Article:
In early August the federal government withdrew a request to lengthen the amount of time for Census data collection. Due to COVID-19, the timeline was extended to October 31st and now is proposed to end on September 30th. Constitutionally mandated, the census count happens every ten years. Cutting short the time for data collection means that customary outreach by Census workers will not be complete. Aa a result, fewer children, BIPOC people, low-income or people living unsheltered are less likely to be counted. Incomplete or inaccurate data collection potentially will negatively impact the accuracy of the number of seats each state has in the U.S. House of Representatives, the distribution of billions of dollars in federal funds to local communities. and research that relies on Census data.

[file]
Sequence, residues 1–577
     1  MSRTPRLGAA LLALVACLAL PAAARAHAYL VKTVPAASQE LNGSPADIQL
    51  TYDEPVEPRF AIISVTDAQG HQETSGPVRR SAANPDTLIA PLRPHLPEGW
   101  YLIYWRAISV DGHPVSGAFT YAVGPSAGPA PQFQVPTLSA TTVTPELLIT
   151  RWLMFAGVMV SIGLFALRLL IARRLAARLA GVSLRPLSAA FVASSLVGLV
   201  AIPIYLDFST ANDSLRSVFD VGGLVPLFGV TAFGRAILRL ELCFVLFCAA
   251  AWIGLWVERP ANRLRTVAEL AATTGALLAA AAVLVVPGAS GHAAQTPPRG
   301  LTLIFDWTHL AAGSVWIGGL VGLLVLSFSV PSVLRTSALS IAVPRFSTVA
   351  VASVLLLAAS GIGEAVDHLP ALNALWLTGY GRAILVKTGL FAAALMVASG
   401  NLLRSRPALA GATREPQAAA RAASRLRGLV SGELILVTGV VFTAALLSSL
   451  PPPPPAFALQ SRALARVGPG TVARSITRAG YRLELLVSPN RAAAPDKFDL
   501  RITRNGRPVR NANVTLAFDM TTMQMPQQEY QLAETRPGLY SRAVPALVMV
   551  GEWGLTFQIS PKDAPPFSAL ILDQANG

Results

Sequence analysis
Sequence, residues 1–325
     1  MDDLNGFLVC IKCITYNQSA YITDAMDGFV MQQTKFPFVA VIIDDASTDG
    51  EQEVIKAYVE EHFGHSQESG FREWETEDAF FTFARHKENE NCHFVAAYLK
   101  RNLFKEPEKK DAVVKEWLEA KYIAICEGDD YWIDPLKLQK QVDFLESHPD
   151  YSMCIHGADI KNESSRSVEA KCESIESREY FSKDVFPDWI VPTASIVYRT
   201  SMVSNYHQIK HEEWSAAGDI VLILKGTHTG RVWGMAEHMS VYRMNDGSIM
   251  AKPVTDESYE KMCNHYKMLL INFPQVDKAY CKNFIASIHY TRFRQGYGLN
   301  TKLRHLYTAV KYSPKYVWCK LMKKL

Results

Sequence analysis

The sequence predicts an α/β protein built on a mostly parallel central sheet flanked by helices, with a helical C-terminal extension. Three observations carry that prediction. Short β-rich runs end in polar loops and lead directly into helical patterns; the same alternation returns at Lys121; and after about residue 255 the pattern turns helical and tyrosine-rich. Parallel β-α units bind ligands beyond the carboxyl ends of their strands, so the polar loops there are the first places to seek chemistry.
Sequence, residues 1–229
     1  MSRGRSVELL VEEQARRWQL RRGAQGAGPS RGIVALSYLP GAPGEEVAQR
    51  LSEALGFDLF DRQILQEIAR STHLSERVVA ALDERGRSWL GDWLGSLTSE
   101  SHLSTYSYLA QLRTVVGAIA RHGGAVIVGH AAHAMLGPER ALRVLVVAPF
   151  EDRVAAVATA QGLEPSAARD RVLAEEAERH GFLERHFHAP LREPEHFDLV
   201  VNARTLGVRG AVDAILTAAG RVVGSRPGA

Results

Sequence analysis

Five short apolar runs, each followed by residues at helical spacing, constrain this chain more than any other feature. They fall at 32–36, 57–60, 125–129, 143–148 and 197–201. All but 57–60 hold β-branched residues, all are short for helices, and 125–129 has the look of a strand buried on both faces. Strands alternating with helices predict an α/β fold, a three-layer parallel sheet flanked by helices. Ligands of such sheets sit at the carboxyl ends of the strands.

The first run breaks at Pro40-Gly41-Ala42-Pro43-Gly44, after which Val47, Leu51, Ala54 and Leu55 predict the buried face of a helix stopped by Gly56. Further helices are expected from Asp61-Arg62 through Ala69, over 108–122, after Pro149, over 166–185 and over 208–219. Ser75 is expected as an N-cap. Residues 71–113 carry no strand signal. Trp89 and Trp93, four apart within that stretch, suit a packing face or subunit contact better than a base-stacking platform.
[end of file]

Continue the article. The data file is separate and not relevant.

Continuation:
Currently more than a third of households have not responded to the Census, and the response rate in census tracts with kids at high risk of being missed lags the nation by almost 15 percentage points. Cutting short the time period when census takers knock on doors is a specific tactic not to have all U.S. residents be captured in Census data.
Learn more about the issue: www.censuscounts.org
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